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Yesterday I had the privilege of spending the afternoon at Rick Baker’s studio playing the role of “fly on the wall” for Empire Magazine’s upcoming GREMLINS 30th anniversary article and round table interview about the effects. Being a kid in a candy store doesn’t even describe the half of it as getting to be so up close and personal with the actual gremlins and mogwai was absolutely surreal and downright emotionally moving. Another incredible day in this unbelievable cinematic dream come true… [x]

10 Poverty Myths, Busted | Mother Jones


1. Single moms are the problem. Only 9 percent of low-income, urban moms have been single throughout their child’s first five years. Thirty-five percent were married to, or in a relationship with, the child’s father for that entire time.

2. Absent dads are the problem. Sixty percent of low-income dads see at least one of their children daily. Another 16 percent see their children weekly.

3. Black dads are the problem. Among men who don’t live with their children, black fathers are more likely than white or Hispanic dads to have a daily presence in their kids’ lives.

4. Poor people are lazy. In 2004, there was at least one adult with a job in 60 percent of families on food stamps that had both kids and a nondisabled, working-age adult.

5. If you’re not officially poor, you’re doing okay. The federal poverty line for a family of two parents and two children in 2012 was $23,283. Basic needs cost at least twice that in 615 of America’s cities and regions.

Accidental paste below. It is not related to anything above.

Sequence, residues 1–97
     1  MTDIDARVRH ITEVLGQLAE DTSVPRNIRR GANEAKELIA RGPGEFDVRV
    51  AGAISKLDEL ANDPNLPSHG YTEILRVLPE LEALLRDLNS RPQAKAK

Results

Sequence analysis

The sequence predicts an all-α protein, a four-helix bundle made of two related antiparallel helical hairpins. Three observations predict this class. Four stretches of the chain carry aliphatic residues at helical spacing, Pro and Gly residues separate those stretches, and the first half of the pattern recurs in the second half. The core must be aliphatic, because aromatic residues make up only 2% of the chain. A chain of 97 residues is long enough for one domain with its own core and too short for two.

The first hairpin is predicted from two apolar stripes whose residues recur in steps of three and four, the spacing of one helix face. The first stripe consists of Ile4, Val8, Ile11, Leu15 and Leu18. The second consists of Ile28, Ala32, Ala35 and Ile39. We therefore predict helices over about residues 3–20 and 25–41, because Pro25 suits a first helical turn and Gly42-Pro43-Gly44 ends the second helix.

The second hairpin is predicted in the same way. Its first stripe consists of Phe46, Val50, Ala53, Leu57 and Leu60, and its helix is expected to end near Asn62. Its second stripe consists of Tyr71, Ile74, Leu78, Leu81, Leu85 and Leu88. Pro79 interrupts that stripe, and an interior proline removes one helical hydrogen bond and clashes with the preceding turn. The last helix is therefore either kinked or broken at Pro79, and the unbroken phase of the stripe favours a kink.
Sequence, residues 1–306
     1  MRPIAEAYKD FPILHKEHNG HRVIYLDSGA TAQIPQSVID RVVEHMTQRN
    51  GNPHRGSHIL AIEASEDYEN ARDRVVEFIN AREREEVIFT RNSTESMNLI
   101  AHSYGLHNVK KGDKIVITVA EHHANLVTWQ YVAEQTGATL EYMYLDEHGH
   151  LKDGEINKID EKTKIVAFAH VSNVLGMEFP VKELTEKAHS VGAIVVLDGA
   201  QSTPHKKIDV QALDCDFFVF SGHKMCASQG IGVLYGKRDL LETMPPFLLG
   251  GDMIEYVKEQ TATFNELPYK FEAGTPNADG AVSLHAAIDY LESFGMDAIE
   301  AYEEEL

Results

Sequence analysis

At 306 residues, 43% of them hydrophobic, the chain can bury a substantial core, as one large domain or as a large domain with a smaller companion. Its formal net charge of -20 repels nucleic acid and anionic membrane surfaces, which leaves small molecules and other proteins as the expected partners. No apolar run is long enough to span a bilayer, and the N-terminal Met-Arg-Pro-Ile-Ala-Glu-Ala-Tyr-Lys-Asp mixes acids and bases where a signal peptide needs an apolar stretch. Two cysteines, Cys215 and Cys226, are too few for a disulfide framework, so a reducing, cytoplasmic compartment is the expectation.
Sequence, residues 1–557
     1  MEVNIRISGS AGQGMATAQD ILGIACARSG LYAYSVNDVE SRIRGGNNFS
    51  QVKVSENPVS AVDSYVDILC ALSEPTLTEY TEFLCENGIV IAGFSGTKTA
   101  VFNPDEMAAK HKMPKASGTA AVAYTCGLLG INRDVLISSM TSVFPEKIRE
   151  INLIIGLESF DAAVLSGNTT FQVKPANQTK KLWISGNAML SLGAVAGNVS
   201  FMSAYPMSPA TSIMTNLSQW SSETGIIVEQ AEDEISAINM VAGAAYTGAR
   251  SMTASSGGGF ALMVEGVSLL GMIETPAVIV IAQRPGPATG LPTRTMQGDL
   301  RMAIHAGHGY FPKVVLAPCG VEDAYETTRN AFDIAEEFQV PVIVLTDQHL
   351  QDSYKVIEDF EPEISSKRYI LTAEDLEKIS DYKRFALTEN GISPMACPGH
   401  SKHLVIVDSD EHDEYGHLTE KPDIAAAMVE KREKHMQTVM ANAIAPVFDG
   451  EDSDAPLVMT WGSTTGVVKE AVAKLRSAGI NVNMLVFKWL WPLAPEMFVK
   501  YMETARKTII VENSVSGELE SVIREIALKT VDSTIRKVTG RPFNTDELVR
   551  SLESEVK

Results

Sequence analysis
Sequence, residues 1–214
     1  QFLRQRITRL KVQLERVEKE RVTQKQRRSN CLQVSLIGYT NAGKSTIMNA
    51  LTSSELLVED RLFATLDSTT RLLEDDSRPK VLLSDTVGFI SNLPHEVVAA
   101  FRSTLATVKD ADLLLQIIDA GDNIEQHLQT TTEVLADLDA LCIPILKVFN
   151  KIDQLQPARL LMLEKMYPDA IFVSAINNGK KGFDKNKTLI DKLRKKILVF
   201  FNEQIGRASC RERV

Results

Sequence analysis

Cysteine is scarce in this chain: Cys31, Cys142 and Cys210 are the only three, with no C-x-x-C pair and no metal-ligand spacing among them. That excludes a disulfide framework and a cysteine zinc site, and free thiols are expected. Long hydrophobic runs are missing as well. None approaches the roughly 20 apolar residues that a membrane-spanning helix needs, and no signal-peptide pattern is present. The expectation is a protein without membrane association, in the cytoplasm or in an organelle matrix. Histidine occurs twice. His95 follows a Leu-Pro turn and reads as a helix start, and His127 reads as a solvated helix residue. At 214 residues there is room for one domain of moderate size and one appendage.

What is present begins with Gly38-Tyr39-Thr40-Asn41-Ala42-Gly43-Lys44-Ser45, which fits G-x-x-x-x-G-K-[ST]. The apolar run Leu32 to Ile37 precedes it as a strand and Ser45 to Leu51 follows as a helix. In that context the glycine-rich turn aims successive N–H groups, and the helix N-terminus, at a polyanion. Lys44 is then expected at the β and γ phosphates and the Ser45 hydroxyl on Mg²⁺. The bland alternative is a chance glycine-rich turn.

6. Go to college, get out of poverty. In 2012, about 1.1 million people who made less than $25,000 a year, worked full time, and were heads of household had a bachelor’s degree.

7. We’re winning the war on poverty. The number of households with children living on less than $2 a day per person has grown 160 percent since 1996, to 1.65 million families in 2011.

8. The days of old ladies eating cat food are over. The share of elderly single women living in extreme poverty jumped 31 percent from 2011 to 2012.

9. The homeless are drunk street people. One in 45 kids in the United States experiences homelessness each year. In New York City alone, 22,000 children are homeless.

10. Handouts are bankrupting us. In 2012, total welfare funding was 0.47 percent of the federal budget.


Keiko with a diver in his tank. 

While Keiko lived at the Oregon Coast Aquarium his tank had to be properly manintained which meant divers would have to enter his tank. The divers weren’t Keiko’s trainers and some of them had never been in the water with an orca before and they were therefor a bit nervous. 

Once the divers would enter the tank Keiko would swim over to them and check out whatever work they were doing on his tank. He would hang over their shoulders as if he was a boss making sure the workers did their job properly. Keiko wasn’t being bossy, he was simply curious, not only about the work being done but also about this new exciting person who had entered into his world. Being that Keiko was very friendly and gentle he would let the divers touch, pet and scratch him. 

In aquariums divers who are sent in to do repair and maintanence work in a pool is usually in the pool alone with the orcas in another pool as the orcas tend to get very aggresive when people they don’t know enter their pools. This was never the case with Keiko. Not once did he ever become aggressive with a stranger in his pool in Oregon or later in his sea pen in Iceland. 

(Source: )

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